HBO is trying so hard to make a Game of Thrones spinoff work


It’s been two years since Game of Thrones ended its landmark eight-season run, leaving a void that HBO, frankly, couldn’t be more desperate to fill. The network’s manic search began in 2017, before the seventh season even premiered, when the network announced that not one, but five spinoff shows were in development. But only one of those developing shows ever made it to the pilot phase, and it was promptly canned along with the others. Further announcements followed: A series based on author George R.R. Martin’s Dunk and Egg novellas, an animated series for HBO Max, and one show that does appear to be getting made, House of the Dragon, a prequel set to arrive in 2022. HBO isn’t interested in just one successor, though. It wants Seven Kingdoms’ worth of content — and so this week, news broke of three more Thrones projects. With so many spinoffs in the works and nothing but the original series to go off of, it’s worth asking: What would even make for a good Game of Thrones spinoff?

The simple answer, of course, is that no one knows. The next hit is often nothing like the one before it — by the time Lost ended in 2010, countless dramas mimicking its mythology-driven mystery were already struggling for attention and failing. One year later, Game of Thrones debuted in a world that was almost certain no one would watch a gritty epic-fantasy series on a prestige subscription network. But with a little bit of distance and a whole lot more of the World of Ice and Fire coming our way, it’s worth thinking about what we now think of when we think Game of Thrones — what is that bloody, murderous je ne sais quoi audiences may want more of?

Consider the three new projects: One, under the working title 10,000 Ships, is about the warrior-queen Princess Nymeria, who founded Dorne. Another is set in Flea Bottom, the slum of King’s Landing that viewers got to see throughout the original series. The third and reportedly furthest along is tentatively called 9 Voyages, and about Corlys Velaryon, a legendary sailor from Game of Thrones history.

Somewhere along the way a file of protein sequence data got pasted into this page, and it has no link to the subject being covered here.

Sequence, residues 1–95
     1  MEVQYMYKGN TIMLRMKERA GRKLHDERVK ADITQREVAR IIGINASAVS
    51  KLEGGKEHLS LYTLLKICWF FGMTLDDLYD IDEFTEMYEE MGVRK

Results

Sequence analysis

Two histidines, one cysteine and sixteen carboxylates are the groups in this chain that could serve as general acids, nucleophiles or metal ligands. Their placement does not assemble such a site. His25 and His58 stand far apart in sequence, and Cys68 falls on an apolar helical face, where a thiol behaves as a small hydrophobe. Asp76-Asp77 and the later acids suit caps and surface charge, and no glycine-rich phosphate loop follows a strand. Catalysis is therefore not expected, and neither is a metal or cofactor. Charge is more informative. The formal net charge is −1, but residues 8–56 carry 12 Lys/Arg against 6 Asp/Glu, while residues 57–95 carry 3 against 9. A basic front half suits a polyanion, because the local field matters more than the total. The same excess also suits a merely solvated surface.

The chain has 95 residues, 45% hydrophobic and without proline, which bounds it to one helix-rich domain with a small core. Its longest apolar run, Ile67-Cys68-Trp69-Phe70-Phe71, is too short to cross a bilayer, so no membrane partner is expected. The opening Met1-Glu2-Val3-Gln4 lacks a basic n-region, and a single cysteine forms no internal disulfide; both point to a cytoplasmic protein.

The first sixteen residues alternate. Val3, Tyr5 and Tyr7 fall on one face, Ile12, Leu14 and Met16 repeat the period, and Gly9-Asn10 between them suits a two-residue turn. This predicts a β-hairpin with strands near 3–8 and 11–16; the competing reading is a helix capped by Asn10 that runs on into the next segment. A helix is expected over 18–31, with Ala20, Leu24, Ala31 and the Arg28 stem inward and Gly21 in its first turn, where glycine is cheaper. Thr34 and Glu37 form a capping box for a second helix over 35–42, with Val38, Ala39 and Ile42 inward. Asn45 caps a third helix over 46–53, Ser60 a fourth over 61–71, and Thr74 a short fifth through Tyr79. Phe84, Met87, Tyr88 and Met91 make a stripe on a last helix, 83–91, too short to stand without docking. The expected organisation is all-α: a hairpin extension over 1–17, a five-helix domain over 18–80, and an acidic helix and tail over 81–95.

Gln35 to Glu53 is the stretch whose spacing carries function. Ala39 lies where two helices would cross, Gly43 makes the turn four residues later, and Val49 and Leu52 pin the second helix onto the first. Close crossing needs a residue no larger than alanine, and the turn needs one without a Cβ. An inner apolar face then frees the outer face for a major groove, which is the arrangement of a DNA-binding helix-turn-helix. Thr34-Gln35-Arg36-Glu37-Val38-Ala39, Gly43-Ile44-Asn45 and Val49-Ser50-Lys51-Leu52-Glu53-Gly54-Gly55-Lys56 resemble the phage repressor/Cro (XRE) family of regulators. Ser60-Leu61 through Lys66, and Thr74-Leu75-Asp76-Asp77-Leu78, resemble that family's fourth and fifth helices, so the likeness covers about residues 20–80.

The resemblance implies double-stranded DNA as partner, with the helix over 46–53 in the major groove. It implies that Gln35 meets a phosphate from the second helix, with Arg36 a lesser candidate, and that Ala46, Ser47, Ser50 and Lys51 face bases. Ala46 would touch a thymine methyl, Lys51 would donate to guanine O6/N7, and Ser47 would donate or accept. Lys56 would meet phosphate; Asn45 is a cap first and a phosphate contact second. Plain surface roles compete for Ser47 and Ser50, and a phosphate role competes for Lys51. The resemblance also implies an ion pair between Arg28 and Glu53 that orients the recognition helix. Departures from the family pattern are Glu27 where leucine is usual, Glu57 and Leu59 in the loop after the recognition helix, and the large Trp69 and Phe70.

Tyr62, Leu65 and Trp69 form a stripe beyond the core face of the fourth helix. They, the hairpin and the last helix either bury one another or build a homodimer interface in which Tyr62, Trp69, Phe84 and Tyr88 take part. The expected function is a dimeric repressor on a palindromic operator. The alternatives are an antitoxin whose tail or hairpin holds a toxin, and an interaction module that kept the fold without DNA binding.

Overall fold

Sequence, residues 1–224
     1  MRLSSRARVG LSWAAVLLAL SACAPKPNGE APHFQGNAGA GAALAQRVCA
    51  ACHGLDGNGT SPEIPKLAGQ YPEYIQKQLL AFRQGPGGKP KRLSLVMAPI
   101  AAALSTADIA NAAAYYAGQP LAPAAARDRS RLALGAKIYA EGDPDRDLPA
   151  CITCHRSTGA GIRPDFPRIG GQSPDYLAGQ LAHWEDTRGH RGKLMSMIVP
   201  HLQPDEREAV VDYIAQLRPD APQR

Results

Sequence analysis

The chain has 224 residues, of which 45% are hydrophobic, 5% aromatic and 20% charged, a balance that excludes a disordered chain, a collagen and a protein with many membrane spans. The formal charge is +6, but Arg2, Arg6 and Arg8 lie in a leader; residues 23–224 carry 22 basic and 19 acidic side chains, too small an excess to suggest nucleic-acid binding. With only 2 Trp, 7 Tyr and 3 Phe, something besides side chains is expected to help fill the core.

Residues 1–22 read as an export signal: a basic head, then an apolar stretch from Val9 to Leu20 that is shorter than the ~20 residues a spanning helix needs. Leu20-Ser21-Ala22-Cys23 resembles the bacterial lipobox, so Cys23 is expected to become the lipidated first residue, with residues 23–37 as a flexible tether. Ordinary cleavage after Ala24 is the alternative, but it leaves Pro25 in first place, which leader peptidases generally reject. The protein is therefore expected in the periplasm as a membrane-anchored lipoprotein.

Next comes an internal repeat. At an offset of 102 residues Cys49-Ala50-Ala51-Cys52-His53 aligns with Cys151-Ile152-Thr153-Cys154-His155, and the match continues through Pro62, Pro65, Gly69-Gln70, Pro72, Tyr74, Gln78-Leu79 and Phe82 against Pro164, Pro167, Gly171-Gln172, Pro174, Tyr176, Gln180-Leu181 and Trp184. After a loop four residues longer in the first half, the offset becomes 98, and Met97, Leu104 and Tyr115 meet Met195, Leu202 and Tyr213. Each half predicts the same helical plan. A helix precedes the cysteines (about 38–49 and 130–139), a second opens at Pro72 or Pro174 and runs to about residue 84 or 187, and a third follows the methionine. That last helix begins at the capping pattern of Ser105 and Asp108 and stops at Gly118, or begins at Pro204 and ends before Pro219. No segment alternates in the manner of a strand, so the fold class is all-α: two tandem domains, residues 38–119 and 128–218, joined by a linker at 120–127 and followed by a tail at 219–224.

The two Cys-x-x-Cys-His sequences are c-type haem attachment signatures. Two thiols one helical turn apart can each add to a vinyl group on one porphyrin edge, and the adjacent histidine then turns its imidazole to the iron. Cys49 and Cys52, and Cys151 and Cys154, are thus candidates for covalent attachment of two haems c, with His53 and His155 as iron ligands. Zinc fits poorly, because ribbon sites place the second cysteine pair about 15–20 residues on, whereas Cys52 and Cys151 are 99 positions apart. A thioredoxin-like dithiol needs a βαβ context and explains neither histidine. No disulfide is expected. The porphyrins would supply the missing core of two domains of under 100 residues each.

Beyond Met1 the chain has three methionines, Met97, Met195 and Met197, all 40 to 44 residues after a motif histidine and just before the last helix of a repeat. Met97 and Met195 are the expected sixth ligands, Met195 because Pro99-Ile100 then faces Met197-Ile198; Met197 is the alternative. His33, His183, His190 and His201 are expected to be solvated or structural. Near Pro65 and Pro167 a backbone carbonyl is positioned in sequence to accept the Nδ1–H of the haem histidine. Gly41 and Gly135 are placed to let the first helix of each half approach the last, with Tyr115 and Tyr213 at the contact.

We don’t know what shape these will take — they could be movies, limited series, or ongoing shows with aspirations to run long. (9 Voyages, the only project with a developer attached, is under Bruno Heller, whose previous shows include The Mentalist and Gotham.) But they all seem to be after a very different flavor than the epic fantasy of Game of Thrones, likely because House of the Dragon, which will follow the Targaryen family 300 years before the events of the show, is meant to be the home for that classic Thrones feel, while everything else expands in different directions.

This feels like a very Marvel Studios approach to a franchise, but as we’ve seen plenty of times, the Marvel approach isn’t applicable to every seemingly rich setting. It’s worth noting that all the projects publicly known about — whether they’re canned, in development, or on the way — are prequels. On one level, this makes sense; that’s where all the unadapted material about Westeros lies. But it’s hard to build momentum with prequels. Anticipation is what fuels Marvel’s successes and papers over its weaknesses. And outside of that, a strong sense of identity and the developing stories of familiar characters keep fans invested. If none of those things are on the table, what’s left to make a good Game of Thrones show?

Is it sprawl? The fact that Game of Thrones was vast enough to contain a multitude of micro-shows, from family drama to political thriller to war epic? Maybe it was the mystery, the way it was adapting an unfinished popular work, and had to provide answers fans had only guessed at? Or is it something more cynical, the way no character felt safe and anyone could die at any moment? All of these things feel core to the Game of Thrones experience, but none of them are unique to Game of Thrones. All three of these characteristics can also be found in, for example, of The Walking Dead — a show currently attempting to sustain a pair of dubious spinoffs, even though it’s a shadow of its former self.

The future of Game of Thrones is an interesting puzzle that crystallizes what it takes to make expensive, buzzy TV right now. In the best possible outcome, these new spinoffs all happen, but they’re Game of Thrones shows in name only, and in practice just a way to sneak, for example, an expensive pirate show into a TV industry that’s now almost entirely geared towards existing intellectual property. In the darkest timeline, it’s a parade of cynically engineered shows that attempt to re-create the feeling of their parent show in superficial ways: all that sprawl, violence, sex, and lore that might prove entertaining, but might also just loop us back around to where we started.

This is another reason why the fictional history of Game of Thrones is a perplexing thing to mine. In the end, it was a story about how cycles of violence perpetuate themselves on a grand scale, and it was at its most interesting when it followed characters who wanted to break the cycle. When they finally did, the fans weren’t happy — but they clearly objected more to the execution than to the resolution. Ultimately, any new Game of Thrones show will face the same barriers: no matter how the audience feels about the story concept, it won’t work unless there’s an equally compelling idea at its core, like the eponymous “game” that summed up the endless machinations of the original show. Chasing that high is a hell of a gamble — everyone wants more of the thing they love, but they aren’t going to forget how much it burned them the first time around.